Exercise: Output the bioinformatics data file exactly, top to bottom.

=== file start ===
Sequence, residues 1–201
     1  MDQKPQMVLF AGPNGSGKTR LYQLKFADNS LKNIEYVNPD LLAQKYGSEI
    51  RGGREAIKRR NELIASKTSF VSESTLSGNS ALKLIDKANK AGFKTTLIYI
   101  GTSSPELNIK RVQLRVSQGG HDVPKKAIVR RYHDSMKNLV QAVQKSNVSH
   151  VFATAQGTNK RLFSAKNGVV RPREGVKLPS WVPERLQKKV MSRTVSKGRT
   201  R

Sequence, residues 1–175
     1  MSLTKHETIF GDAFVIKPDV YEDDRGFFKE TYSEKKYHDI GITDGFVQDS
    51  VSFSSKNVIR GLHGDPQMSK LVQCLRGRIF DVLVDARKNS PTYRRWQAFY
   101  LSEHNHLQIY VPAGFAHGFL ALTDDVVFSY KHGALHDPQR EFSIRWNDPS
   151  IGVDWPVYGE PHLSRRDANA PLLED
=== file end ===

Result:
Sequence, residues 1–201
     1  MDQKPQMVLF AGPNGSGKTR LYQLKFADNS LKNIEYVNPD LLAQKYGSEI
    51  RGGREAIKRR NELIASKTSF VSESTLSGNS ALKLIDKANK AGFKTTLIYI
   101  GTSSPELNIK RVQLRVSQGG HDVPKKAIVR RYHDSMKNLV QAVQKSNVSH
   151  VFATAQGTNK RLFSAKNGVV RPREGVKLPS WVPERLQKKV MSRTVSKGRT
   201  R

Sequence, residues 1–175
     1  MSLTKHETIF GDAFVIKPDV YEDDRGFFKE TYSEKKYHDI GITDGFVQDS
    51  VSFSSKNVIR GLHGDPQMSK LVQCLRGRIF DVLVDARKNS PTYRRWQAFY
   101  LSEHNHLQIY VPAGFAHGFL ALTDDVVFSY KHGALHDPQR EFSIRWNDPS
   151  IGVDWPVYGE PHLSRRDANA PLLED